Ginger Nuts of Horror
Some stories become etched into the psyche of a horror fan, forming a pantheon of horror that stands as a list for all other stories to be held up against. Clive Barker's The Hellbound heart is one such story, the novella that spawned the who Hellraiser franchise and formed the basis of the first film, this classic tale of pleasure and pain has a gravitas attached to it the likes of which hasn't been seen in far too long.
However, with that gravitas. There is also a danger that its impact and power can become lessened and forgotten as a result of countless spin-offs and sequels. Sadly this has been the case with The Hellbound Heart; its importance in the history of horror has become sullied by a series of never-ending sequels and spin-offs, some of which were reportedly written by Barker himself, (I still maintain he had very little to with the Scarlet Gospels). So much so that many new fans to the genre are not aware of this classic and fundamental piece of horror literature.
When it was first announced that Bafflegab Productions were doing a new audio drama version of the novella adapted by Paul Kane, I must admit I was somewhat wary about the idea. Not that I felt Bafflegab Productions weren't so much up to the task, they have a great history of audio dramas. From The Bakers End series of comic tales, The Scarifyers series of adventures is a must listen to the excellent Hammer Chillers collection of short stories, they can indeed produce first-class audio dramas. Nor was I worried by Paul Kane's involvement, he is an excellent writer and more importantly a massive fan of the Hellraiser franchise. My fears came from the fact that after Hellraiser: The Toll, Hellraiser: Judgement and The Scarlet Gospels, it felt that it was time to lay the franchise to bed and let it die a dignified death. Anything less than an almost perfect adaptation would be a devastating disappointment.
After listening to this audio drama, I can safely say that this is the best thing across all entertainment mediums to exist in the Hellraiser universe. This is as close to perfection as you can get.
Obviously, with this being an audio drama, there is a lot of Barker's beautiful and elegant prose is missing, gone are the descriptive passages, leaving us with just the dialogue. While this may sound off-putting, and akin to the story losing some of its power, the experience of listing to this is not diminished in any way. This is mostly in part to the compelling and genuinely creepy musical score from Edwin Sykes and on point sound effects and design from Simon Robinson. These work seamlessly together to create a disturbing base layer of dread from which the actors can build on.
Simon Barnard, the producer and director, has assembled a cast manages to do the unthinkable and makes you forget about the film adaptation. Sean Chapman and Claire Higgens performances as Frank and Julia are branded into our brains, as an on-screen "couple" they were perfect together. It's a performance that would almost seem impossible to surpass, and yet Tom Meeten and Neve McIntosh's performance of Frank and Julia is sublime, within minutes you forget everything that has gone before, they aren't just playing the roles they become the roles. Frank is as nasty and driven as ever, and Julia is as cold and alluring as she could ever be.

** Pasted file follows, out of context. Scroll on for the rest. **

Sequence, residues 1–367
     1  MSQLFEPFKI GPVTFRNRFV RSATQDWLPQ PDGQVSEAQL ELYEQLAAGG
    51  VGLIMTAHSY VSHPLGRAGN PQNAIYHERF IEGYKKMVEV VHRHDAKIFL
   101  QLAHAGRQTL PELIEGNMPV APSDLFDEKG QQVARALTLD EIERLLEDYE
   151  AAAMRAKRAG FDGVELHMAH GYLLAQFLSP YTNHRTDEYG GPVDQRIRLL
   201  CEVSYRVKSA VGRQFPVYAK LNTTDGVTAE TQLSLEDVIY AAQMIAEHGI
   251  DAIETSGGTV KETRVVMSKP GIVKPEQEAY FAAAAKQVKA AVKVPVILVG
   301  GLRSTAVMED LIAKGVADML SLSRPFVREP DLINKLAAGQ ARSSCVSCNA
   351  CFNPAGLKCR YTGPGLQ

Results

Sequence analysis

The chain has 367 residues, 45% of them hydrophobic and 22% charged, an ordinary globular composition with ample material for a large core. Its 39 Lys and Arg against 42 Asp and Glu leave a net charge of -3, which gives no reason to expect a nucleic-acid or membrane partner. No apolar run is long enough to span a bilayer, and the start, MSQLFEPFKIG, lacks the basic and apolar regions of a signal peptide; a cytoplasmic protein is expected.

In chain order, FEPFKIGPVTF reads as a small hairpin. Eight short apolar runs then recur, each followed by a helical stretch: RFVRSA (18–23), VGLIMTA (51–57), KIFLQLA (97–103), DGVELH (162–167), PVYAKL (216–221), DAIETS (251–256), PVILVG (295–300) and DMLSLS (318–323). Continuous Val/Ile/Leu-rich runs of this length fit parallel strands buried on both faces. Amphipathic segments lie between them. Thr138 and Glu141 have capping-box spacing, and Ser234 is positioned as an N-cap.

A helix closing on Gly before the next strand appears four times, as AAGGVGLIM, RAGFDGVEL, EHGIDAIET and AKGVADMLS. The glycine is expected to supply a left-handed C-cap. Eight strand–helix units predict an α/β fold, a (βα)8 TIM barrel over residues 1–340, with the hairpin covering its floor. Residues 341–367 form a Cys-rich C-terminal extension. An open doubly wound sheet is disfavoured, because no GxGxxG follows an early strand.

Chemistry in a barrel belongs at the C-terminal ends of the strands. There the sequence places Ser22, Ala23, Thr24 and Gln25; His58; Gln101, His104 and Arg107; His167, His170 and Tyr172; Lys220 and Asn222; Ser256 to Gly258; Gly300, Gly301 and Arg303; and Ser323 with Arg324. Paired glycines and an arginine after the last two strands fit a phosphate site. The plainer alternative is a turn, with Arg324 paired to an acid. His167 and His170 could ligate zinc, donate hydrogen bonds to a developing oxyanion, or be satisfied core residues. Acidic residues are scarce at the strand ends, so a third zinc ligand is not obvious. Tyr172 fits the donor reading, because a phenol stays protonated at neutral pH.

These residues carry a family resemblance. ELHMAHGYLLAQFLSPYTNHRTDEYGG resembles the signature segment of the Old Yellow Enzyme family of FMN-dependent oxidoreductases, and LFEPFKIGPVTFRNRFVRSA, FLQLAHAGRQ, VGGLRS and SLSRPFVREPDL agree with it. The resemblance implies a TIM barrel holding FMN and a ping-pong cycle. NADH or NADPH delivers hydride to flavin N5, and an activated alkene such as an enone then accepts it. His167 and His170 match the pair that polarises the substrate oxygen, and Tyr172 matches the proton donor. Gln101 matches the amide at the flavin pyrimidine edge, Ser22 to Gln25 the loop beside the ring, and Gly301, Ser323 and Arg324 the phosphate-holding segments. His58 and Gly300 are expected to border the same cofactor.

Alice Lowe continues to cement her reputation as one of the country's finest actors, with her turn as Kirsty. While Kirsty was probably the easiest of all the roles to take over, as the original performance was exactly the best, Lowe's depiction of Kirsty is nothing short of exceptional. Lowe performance allows the full range of Kirsty's character to shine through, the wide-eyed girl, the frightened girl, and the girl filled with grit and determination to escape the hell she is tricked into; all come across in an engrossing delivery.
However the ultimate high point has to be the portrayal of the Prince of Pain himself, stepping into the role of Pinhead, or cenobite One as it should be named must have been a daunting task, Doug Bradley, despite others playing the character will always be Pinhead. However, there has always been contention with Doug as Pinhead, as he doesn't quite fit the description of the character in the novella. When I first heard Evie Dawnay, deliver the first line of dialogue I was, for a minute somewhat confused, and when it sunk in a huge smile spread across my face. This is the lead Cenobite I have been waiting to hear for nearly thirty years. And boy does Evie deliver; this isn't just a marketing gimmick this is the leading cenobite as it should be, ethereal, angelic, and apathetic to the pleas of us mere mortals. Dawnay is exceptional, and if there are any further dramatisations of the franchise, it would be a crime not to have her reprise this role.
Having Nicholas Vince appear as cenobite four, and the businessman was a nice touch, serving to link this production to the history of the story, and Nicholas doesn't disappoint in either of his two roles.
Paul Kane's adaptation of the story is assured and hits the mark. His keen eye retains the essential elements that make the story work while updating some of the terms to make it more relevant to modern age such as the use of emails and mobiles phones. This must have been a daunting task, but Kane has more than stepped up to the plate.
The Hellbound Heart had a lot of history and baggage to deal with, but this production has done the impossible and surpassed the original adaptation. You may shout heresy, but the combination of first-class acting, more faithful respect to the source material and a perfect soundscape makes this a superior adaptation. You may think you know this story, but you haven't even heard the half of it until you have listened to this.
You can purchase a copy of The Hellbound Heart direct from Bafflegab Productions by clicking here, or from amazon by clicking the button below